Criminal Appeal from (Common Pleas Court Trial Court Case No. 2012-CR-1661
MATHIAS H. HECK, JR., by MICHELE D. PHIPPS, Atty. Reg. #0069829, Assistant Prosecuting Attorney, Montgomery County Prosecutor's Office, Appellate Division Attorney for Plaintiff-Appellee
ANTONY A. ABBOUD, Attorney for Defendant-Appellant
(¶ 1} The issue presented in this appeal by Appellant, David L. Ayers, Jr., is whether the trial court erred by failing to conduct a hearing on the issue of jail time credit. From the time Ayers was indicted until he was sentenced in this case, he was incarcerated at a prison for a conviction arising from an unrelated, separate charge. We conclude that the court is not required to conduct a hearing on jail time credit when the facts necessary to compute the credit are a matter of record and are known to the trial court. Accordingly, the judgment of the trial court will be affirmed.
II. Statement of Facts and Procedural History
(¶ 2} On July 23, 2012, David Ayers was indicted for having disobeyed a protection order in violation of R.C. 2919.27(A)(1). At the time, Ayers was serving a three-year sentence at Madison Correctional Institution, based on his prior conviction in Montgomery County Common Pleas Court Case No. 2011-CR-1478. On October 17, 2012, the matter proceeded to a bench trial. After the State had presented three witnesses, Ayers agreed to a plea bargain. He then withdrew his plea of not guilty and entered a plea of guilty in exchange for an agreed sentence of 12 months incarceration to be served concurrently with the previously-imposed prison sentence.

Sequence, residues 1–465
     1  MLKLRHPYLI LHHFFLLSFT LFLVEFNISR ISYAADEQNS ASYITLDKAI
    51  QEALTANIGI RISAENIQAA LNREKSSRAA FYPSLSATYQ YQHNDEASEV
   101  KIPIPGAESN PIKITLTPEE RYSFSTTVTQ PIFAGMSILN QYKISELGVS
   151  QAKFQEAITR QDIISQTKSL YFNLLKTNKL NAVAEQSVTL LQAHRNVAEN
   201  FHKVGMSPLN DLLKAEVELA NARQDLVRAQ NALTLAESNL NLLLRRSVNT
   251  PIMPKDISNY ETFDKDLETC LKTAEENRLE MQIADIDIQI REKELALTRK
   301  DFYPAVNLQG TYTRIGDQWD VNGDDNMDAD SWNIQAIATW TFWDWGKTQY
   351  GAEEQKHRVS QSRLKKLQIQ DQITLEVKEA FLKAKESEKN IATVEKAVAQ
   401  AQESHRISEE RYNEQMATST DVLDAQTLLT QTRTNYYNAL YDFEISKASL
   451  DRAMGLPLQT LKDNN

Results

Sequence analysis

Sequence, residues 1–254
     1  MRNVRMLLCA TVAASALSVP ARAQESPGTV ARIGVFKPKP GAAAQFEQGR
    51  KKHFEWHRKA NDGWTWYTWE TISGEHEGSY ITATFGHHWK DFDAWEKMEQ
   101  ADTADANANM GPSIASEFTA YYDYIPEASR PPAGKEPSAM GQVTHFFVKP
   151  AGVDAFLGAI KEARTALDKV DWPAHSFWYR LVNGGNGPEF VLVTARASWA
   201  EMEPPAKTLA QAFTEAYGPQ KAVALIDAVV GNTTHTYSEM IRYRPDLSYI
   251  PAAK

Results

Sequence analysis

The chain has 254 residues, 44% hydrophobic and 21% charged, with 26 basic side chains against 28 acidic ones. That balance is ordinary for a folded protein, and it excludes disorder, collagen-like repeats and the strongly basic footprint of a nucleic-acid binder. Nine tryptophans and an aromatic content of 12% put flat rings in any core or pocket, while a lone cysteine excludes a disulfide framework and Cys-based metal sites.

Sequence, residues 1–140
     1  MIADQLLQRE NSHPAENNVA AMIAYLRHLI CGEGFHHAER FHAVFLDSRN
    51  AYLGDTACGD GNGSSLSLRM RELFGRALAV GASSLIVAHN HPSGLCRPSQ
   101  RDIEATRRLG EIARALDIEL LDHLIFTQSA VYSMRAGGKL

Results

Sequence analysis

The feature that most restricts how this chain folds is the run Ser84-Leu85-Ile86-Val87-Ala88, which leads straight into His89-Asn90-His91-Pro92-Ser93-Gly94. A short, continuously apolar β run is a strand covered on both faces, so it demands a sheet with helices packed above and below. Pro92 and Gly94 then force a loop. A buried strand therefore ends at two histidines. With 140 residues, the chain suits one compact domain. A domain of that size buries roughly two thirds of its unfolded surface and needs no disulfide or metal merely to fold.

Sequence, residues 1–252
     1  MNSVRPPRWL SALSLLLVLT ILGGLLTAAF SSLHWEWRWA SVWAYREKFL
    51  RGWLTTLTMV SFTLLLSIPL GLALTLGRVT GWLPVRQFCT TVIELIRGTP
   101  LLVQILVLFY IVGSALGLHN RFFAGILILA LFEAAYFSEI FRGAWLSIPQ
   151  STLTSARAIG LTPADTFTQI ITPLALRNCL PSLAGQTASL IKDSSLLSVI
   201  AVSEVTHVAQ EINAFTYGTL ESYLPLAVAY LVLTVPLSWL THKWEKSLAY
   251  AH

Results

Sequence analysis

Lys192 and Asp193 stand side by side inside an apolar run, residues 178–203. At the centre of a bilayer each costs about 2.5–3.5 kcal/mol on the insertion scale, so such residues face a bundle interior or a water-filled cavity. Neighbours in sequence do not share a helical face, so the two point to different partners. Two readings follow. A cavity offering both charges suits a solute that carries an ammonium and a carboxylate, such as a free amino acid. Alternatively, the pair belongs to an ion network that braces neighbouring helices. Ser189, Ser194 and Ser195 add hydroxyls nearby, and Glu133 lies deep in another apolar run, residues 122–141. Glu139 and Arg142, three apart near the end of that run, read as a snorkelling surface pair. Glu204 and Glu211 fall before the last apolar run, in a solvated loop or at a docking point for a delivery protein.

(¶ 3} After imposing the agreed-upon sentence of 12 months to be served concurrently with the three-year sentence in Case No. 2011-CR-1478, the trial court granted Ayers 15 days of jail credit. Ayers and his Attorney, Tina M. McFall, told the court that Ayers believed he should receive more credit, since he had been held in lieu of bond since July 23, 2012. The trial court noted that because Ayers had been serving a three-year sentence in Case No. 11-CR-1478, the jail credit calculation would be 15 days. Transcript of October 12, 2012 Proceedings, p. 68.
(¶ 4} Ayers appeals from the failure of the trial court to hold a hearing after Ayers raised the issue of jail credit at the sentencing hearing.
III. Did the Trial Court Err in Failing to Conduct a Hearing on Jail Credit?
(¶ 5} Ayers' sole assignment of error states that:
The Trial Court Violated Ayers' Right to Due Process When It Failed to Conduct a Hearing on the Issue of Jail Time Credit.
(¶ 6} Under this assignment of error, we are asked to decide if the facts of record are sufficient to support the trial court's failure to conduct a jail credit hearing. Relying on State v. Nunez, 2d Dist. Montgomery No. 21495, 2007-Ohio-1054, Ayers claims that the trial court violated his right to due process when it failed to conduct a hearing after he objected to the amount of jail credit. Ayers also contends that once a defendant objects, the State has the burden of showing that the defendant is not entitled to ...